Children are entering a “tragic decline” from the age of just seven, with activity levels dropping long before they leave primary school, new research suggests.
Fitness experts said British pupils were entering a state of “digital dependence” which would shorten lives, with sedentary lifestyles becoming the norm long before children reached adolescence.
The Gateshead Millenium Cohort study tracked more than 500 children for eight years, with trackers measuring activity levels.
Until now, efforts to improve uptake of sport and fitness have assumed that the significant slump in activity comes with puberty, especially with girls.
But the new study shows a sharp drop in activity levels between the ages of seven and nine, among boys and girls, with a decline continuing into adolescence.
At the age of seven, the average boy was moderately or vigorously active for one hour 15 minutes a day, the study found, dropping to one hour 10 minutes by the age of nine, and just an hour by the age of 12. By the age of 15, the figure is just 51 minutes, the research shows.
Seven-year-old girls had such activity levels for 63 minutes a day, dropping to 56 minutes by the age of nine, and 47 minutes by the age of 12. At 15, the average girl is active for just 41 minutes daily, the tracking devices found.
Much of the damage was caused because of the amount of time children spent on smartphones and computers, as well as being driven to school instead of walking, experts said.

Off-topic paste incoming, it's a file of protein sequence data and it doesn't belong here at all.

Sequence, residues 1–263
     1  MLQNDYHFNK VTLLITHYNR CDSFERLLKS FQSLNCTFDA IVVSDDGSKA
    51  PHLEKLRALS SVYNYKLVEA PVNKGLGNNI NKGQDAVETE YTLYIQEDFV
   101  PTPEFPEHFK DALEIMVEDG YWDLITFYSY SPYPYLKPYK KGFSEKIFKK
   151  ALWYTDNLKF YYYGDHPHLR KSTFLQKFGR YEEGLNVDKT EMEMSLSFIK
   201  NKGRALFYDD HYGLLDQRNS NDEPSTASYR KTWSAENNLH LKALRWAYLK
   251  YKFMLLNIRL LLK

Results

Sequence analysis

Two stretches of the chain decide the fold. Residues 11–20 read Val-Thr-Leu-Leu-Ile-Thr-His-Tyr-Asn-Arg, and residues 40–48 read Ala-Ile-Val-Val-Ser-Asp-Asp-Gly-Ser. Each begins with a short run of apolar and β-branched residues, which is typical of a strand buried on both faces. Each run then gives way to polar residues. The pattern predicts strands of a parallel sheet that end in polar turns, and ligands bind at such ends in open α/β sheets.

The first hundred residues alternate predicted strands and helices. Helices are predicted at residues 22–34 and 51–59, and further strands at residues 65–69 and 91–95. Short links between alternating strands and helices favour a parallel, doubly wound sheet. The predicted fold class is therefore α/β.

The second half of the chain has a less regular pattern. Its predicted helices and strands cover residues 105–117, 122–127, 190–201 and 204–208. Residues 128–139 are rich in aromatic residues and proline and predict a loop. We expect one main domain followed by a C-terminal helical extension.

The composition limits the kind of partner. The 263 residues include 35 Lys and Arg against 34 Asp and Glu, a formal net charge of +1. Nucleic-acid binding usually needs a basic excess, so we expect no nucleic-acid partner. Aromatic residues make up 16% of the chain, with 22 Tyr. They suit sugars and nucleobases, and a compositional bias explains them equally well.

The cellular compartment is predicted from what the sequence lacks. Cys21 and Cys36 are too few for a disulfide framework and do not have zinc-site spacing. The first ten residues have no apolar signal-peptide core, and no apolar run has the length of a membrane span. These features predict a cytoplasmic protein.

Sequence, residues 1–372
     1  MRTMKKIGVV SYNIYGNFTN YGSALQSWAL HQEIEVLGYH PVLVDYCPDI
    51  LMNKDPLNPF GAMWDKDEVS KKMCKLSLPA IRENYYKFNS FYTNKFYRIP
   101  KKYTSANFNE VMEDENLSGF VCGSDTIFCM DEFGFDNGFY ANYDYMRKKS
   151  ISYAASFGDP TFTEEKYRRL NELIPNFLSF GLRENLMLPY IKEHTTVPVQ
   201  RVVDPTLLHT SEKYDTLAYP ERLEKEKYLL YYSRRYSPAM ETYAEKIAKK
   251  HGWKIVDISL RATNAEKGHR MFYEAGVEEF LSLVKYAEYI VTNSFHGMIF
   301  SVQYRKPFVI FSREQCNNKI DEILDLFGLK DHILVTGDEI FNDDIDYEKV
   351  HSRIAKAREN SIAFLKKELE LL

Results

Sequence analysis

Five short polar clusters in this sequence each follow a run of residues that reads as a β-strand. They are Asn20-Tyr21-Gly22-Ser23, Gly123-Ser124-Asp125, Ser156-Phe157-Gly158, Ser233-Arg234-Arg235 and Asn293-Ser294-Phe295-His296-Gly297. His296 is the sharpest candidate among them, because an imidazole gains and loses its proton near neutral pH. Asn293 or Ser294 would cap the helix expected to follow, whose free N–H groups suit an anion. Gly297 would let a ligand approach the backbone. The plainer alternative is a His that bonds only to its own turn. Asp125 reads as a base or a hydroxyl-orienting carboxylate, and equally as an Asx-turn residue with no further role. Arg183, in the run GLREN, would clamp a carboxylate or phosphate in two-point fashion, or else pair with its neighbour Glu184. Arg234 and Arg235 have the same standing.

Jack Shakespeare, Head of ukactive Kids, said: “Physical inactivity is society’s silent killer and the biggest tragedy is that it’s creeping up on our children before they’ve even left the playground.”
While extra funding for school sport was welcome, he said a wider “cultural shift” was needed to protect an inactive generation from a lifetime of health problems.
“It’s not just a case on buying more bats and balls for the PE cupboard, we have to embrace creative solutions and look at how we harness our digital dependence to build movement back into children’s lives, instead of taking it away,” he said.
The study, led by the University of Strathclyde and published in the British Journal of Sports Medicine, said the findings contradicted a prevailing view among policy makers and health professionals that physical activity levels were adequate in childhood, but fell sharply during adolescence.
Researchers said there was now little evidence to back up that theory, with previous studies taking place before the advent of computer games and smartphones.
Physical activity levels were measured when the children were 7, 9, 12 and 15, using a lightweight portable monitor worn for seven days at a time.
Overall, the total volume of physical activity fell from the age of seven onwards in both boys and girls during this time, with declines no steeper during adolescence than in earlier childhood, the research found.